ALBUQUERQUE, N.M. — A state judge should toss out a University of New Mexico decision to eliminate four sports over allegations the school violated the state's open meetings law, according to a complaint filed Friday by an Albuquerque lawyer.
Attorney Maria Touchet filed a complaint in state district court, the latest in a saga surrounding the university's decision, and accuses the school's board of regents of disregarding open meetings laws when it voted in July to cut men's soccer, men's and women's skiing and women's beach volleyball.
"(University of New Mexico) violated the Open Meetings Act by not providing an agenda 72 hours before the July 19 meeting that gave adequate and reasonable notice to the public that it intended to discuss and vote on the elimination and reduction of specific teams," the complaint said.
That made the board's vote unconstitutional, court documents said. Touchet is seeking to have the vote voided.
University of New Mexico spokeswoman Cinnamon Blair did not immediately return an email from The Associated Press.
The complaint comes a day after New Mexico Attorney General Hector Balderas warned the University of New Mexico he would sue the school for violating the state's open meetings law during the sports elimination vote.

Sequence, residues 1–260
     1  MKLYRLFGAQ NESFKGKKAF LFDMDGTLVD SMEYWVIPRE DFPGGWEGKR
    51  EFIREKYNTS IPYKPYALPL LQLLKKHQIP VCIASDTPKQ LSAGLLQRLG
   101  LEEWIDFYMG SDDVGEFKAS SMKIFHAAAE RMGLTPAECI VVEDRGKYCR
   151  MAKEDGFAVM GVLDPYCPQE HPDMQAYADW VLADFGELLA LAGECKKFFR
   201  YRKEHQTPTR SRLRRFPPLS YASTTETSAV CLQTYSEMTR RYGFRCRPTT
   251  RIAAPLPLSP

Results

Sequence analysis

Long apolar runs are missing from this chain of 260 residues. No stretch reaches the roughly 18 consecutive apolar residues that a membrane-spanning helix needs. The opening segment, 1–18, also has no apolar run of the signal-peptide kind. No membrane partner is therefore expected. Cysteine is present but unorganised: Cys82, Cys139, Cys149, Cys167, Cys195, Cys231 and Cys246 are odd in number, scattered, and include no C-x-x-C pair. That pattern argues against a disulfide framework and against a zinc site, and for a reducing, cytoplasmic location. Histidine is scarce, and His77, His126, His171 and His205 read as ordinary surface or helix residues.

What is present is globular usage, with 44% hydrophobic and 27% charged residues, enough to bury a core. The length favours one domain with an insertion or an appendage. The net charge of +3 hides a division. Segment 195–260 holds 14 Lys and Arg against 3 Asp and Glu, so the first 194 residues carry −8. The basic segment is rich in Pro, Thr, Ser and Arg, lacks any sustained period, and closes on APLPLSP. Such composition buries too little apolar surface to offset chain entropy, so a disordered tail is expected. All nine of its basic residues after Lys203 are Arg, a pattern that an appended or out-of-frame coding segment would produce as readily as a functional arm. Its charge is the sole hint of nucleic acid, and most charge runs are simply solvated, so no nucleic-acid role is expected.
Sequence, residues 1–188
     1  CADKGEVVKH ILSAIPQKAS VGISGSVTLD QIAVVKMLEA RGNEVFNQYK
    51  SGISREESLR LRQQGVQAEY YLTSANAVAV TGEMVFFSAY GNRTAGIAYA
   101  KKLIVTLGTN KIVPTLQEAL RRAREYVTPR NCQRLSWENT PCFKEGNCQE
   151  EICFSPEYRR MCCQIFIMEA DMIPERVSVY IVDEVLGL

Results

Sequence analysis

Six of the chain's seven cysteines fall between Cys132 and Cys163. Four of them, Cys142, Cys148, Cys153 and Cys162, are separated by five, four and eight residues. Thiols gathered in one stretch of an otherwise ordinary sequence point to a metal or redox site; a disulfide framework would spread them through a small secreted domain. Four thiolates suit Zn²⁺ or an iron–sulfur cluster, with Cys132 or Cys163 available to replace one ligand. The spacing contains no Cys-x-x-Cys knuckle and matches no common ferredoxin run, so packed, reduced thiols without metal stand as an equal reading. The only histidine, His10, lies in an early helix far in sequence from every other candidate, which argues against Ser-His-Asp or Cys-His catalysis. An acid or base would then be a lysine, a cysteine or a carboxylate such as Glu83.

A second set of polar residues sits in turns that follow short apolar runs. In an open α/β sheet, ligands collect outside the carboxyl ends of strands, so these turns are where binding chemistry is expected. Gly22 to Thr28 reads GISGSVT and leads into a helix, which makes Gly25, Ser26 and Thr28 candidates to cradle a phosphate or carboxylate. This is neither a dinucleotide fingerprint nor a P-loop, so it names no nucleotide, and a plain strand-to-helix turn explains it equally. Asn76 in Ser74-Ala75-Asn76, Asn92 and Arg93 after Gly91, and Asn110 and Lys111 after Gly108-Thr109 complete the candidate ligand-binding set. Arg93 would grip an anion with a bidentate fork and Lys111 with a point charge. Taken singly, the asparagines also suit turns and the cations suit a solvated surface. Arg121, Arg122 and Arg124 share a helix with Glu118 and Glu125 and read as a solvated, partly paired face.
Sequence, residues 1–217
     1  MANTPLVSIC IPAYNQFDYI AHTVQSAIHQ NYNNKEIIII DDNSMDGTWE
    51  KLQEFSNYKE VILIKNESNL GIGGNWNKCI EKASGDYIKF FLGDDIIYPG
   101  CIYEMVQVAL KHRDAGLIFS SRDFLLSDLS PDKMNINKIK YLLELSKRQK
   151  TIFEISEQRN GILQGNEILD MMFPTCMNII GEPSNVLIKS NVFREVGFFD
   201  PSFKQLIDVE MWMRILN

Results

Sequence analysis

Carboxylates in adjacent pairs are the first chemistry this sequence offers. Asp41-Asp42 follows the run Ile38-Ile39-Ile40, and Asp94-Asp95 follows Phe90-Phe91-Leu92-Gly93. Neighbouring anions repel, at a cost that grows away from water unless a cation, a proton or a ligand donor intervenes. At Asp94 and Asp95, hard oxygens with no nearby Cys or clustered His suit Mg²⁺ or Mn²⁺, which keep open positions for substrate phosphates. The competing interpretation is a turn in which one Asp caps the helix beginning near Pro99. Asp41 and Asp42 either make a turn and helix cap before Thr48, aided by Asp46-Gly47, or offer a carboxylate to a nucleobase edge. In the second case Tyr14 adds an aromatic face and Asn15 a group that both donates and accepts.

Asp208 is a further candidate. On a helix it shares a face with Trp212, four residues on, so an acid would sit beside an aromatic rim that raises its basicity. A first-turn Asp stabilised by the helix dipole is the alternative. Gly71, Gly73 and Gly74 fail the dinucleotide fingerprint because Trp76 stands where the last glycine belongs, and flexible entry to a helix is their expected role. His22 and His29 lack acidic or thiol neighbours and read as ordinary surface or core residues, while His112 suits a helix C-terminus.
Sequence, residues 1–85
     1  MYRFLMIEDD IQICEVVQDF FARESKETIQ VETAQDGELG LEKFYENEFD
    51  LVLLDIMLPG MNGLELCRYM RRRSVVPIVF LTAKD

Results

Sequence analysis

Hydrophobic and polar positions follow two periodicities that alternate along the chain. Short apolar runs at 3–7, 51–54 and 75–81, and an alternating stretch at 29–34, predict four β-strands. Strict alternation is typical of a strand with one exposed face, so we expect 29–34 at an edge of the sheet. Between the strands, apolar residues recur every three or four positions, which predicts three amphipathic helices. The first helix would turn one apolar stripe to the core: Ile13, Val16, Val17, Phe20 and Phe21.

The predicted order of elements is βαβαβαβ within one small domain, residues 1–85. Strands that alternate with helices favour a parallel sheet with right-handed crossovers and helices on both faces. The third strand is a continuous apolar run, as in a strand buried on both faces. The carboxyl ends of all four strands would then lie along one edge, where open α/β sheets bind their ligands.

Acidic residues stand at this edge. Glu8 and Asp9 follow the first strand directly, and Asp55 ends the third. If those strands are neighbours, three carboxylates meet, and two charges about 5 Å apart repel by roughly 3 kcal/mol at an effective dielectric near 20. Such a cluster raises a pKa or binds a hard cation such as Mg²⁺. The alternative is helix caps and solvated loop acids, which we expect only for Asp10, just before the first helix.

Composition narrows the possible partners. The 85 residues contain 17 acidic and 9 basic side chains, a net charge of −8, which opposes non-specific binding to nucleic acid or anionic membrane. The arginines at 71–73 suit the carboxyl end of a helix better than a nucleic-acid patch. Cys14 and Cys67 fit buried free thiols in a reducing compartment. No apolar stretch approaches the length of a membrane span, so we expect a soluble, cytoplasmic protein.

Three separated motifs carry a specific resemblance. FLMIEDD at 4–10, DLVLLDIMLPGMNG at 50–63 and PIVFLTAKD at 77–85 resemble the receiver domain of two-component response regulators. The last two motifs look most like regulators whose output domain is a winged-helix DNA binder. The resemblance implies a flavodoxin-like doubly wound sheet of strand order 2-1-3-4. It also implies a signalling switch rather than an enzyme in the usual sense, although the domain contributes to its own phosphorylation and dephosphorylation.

On Friday, the attorney general said he supported the complaint.
"We stand behind today's court filings, and continue to call on the UNM Board of Regents to comply with transparency laws," said Balderas in a statement. "The board is not above the law, and we will utilize all legal options to ensure timely compliance with the Open Meetings Act."
The regents voted unanimously July 19 to eliminate the four sports, cut diving from the women's swimming and diving program and dramatically reduce the men's track and field roster.
The vote came after the board heard hours of testimony from coaches, players, alumni and community members about the importance of the programs. Some people in the crowd responded with boos and heckles.
Men's soccer has perhaps the highest profile nationally of Lobos men's sports teams. Men's soccer has twice reached the NCAA Final Four and the championship game once.
With the vote, the programs will be discontinued as of July 1, 2019. University officials say they will honor the scholarships of the affected student-athletes through their graduation.